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A jockey comes out: thoroughbred racehorse jockey and actor Kevin Mangolo takes a stand among the straight "cowboys" of the racing world.

When I was first asked to write a piece for The Advocate about being a bisexual jockey in the overwhelmingly straight world of horse racing, I couldn't decide whether I should do it. Let's face it, the "W" era is not so enlightened that we always feel comfortable sharing who we are openly. I don't feel the need to hide that I am bisexual out of shame, but rather out of fear that others won't approve--not that they won't understand but that they won't approve.

I felt like I was at an important crossroads in my life. So I made two lists, one of pros and one of cons. Both quickly became lengthy. Con: Trainers could stop putting me on their horses, ending my racing career. Pro: I would rather live my life openly and truthfully. Con: My acting career could suffer. Pro: I could make a lot of new friends who like me for who I am rather than for who they think I am. Con: I could lose a lot of friends who don't approve. And so on.

Considering these things in the midst of the holidays, the disastrous tsunami, and the war in Iraq, I found myself thinking, How ridiculous is it that I'm struggling so much with a decision of such little importance? As long as nobody is getting hurt, does it still matter today who we fall in love with?

I finally decided that I needed to tell the world that there are, in fact, gay jockeys who are still riding. And I am one of them.

Being a gay sportsman is no different than being a straight sportsman. Sexuality doesn't come up when you're focused on winning. Jockeys are very competitive, very aggressive. When I am in the jockeys' room, my mind is on the next race. I don't think about sexuality. It's no different from straight men who work with women in the office without being preoccupied by the girl in the next cubicle. I think many people define us GLBT people by our sexuality rather than just understanding that it's only one picture in the collage of who we are.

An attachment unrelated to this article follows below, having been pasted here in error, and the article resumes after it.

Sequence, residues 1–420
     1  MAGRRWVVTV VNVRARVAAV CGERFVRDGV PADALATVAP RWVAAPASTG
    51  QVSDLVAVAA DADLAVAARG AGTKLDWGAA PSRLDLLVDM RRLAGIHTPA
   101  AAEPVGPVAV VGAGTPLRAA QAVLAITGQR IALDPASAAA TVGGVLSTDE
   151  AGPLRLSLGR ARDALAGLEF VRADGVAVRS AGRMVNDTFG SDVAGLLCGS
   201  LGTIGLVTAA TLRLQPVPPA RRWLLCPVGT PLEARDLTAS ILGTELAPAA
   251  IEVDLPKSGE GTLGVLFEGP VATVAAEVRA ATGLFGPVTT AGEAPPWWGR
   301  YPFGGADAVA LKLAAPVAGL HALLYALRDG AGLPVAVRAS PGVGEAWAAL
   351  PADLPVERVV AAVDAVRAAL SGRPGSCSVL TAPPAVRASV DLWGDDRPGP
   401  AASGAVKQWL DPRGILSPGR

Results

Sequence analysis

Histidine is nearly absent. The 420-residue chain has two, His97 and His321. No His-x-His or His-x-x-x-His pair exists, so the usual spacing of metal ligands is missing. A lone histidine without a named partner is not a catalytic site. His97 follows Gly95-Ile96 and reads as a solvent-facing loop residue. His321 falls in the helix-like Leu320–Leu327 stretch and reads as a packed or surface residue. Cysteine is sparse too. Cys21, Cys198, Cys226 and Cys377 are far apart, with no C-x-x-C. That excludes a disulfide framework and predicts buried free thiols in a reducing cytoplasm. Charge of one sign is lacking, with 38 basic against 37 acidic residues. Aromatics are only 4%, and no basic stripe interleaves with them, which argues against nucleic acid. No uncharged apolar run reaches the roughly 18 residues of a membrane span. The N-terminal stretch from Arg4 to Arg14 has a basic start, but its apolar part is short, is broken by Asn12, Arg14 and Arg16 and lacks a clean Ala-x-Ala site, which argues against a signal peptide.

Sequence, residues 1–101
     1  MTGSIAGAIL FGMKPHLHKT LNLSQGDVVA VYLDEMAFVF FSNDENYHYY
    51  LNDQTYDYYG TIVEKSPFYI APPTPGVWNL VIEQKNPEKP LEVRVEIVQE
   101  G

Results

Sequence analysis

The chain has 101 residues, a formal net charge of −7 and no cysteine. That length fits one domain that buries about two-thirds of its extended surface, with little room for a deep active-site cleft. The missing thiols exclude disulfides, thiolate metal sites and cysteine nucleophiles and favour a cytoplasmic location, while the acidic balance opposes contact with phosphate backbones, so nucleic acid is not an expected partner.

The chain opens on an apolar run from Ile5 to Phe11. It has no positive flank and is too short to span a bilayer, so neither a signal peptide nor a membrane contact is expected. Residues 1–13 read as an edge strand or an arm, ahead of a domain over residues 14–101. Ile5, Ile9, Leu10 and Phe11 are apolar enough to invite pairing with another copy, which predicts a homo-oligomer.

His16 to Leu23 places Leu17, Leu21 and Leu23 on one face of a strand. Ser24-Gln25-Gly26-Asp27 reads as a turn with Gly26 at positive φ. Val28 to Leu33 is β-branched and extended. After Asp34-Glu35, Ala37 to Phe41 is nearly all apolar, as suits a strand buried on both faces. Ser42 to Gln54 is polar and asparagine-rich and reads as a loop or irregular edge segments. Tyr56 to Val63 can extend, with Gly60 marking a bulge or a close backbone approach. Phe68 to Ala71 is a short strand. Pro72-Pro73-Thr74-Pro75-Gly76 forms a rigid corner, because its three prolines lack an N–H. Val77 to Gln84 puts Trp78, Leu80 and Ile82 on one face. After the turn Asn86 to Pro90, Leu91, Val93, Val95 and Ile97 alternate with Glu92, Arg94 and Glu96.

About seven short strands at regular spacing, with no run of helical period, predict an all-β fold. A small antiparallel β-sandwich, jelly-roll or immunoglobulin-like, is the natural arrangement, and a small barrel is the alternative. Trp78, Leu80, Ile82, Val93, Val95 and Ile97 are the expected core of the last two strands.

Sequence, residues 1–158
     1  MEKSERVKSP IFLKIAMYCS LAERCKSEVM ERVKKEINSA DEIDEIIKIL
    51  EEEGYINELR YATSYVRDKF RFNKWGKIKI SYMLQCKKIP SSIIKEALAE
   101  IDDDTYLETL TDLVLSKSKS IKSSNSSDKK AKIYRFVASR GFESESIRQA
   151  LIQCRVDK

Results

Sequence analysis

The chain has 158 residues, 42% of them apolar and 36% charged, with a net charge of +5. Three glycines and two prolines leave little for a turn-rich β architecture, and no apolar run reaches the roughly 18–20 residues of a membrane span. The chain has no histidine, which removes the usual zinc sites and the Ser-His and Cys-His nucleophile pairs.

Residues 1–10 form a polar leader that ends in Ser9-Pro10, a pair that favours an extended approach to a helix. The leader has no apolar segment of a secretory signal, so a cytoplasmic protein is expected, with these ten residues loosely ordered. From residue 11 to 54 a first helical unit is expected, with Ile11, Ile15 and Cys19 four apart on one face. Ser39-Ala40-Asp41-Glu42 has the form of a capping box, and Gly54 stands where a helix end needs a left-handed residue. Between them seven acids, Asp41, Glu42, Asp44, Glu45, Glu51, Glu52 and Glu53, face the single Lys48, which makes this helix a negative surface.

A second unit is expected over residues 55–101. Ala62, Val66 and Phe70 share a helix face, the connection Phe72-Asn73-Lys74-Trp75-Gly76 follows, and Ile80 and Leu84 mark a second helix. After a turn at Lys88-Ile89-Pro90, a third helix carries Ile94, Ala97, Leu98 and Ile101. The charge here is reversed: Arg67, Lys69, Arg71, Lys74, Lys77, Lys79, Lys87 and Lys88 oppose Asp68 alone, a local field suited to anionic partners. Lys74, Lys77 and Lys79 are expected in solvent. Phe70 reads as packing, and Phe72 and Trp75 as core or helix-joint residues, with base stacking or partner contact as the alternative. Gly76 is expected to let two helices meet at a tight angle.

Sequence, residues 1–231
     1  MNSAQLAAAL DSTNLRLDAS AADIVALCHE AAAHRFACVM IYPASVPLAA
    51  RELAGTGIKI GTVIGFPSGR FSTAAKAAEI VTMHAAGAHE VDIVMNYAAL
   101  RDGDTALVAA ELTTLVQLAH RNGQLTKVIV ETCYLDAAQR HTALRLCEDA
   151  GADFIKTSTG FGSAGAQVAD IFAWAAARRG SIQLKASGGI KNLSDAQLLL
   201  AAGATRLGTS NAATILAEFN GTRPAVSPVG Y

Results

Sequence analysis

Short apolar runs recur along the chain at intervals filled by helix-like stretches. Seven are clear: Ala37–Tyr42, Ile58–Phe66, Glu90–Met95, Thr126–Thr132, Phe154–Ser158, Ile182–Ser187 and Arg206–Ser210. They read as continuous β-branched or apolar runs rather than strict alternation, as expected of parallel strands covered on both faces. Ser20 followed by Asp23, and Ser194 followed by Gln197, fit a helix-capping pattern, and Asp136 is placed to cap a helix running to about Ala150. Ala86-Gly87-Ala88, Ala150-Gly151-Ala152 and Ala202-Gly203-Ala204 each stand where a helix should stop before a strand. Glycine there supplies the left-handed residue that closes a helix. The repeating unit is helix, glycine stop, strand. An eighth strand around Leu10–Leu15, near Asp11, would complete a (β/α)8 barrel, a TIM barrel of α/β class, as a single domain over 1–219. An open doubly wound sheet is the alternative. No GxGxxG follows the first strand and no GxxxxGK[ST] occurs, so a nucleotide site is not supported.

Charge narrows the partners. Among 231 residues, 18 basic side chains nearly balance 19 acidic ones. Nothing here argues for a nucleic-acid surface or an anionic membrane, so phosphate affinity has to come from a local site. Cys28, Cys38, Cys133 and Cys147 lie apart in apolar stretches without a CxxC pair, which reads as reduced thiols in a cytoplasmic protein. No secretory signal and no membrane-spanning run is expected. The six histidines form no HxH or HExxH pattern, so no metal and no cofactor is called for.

The racing world is made up mostly of cowboys. Up to now, I could only imagine the abuse an openly gay rider would get in the jocks' room. I didn't know if such a person would be allowed. I guess I'll find out soon enough.

When I was a kid I remember thinking that famous gay people had a responsibility to be honest with the public. Being gay can really be lonely. To see a gay rock star, athlete, or movie star proud to be who they are can really help you feel like you're not the only one. I have been bisexual my whole life and I've always known it. I was bisexual when I was student body president in high school. I was bisexual when I was a California state champion wrestler. I was bisexual when I was admitted to the film school at the University of Southern California in Los Angeles--and throughout my entire acting career, consisting of music videos, several sitcoms, commercials, a Broadway tour, and recently the hit movie Seabiscuit.

And now I am a bisexual thoroughbred racehorse jockey.

I point out all of this for anybody who may feel alone or that they can't accomplish what they dream about because they are gay, lesbian, or bisexual.

I have made mistakes in my life. I have made decisions that I am not proud of. I am sure, however, that those mistakes and decisions have led me to where I am now. Whatever the outcome of my decision to come out, I am very proud of who I turned out to be. I am very proud of what I have accomplished so far in my life and very proud to be able to say that I am capable of falling in love with a person regardless of gender.

To contact Mangold, click on LINKS at www.advocate.com.
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Article Details
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Title Annotation:Sports & Fitness
Author:Mangold, Kevin
Publication:The Advocate (The national gay & lesbian newsmagazine)
Geographic Code:1USA
Date:Feb 15, 2005
Words:670
Previous Article:The games behind the games: will gay and lesbian athletes flock to Chicago's Gay Games VII in 2006 or to Montreal's RendezVous 2006 a week later?...
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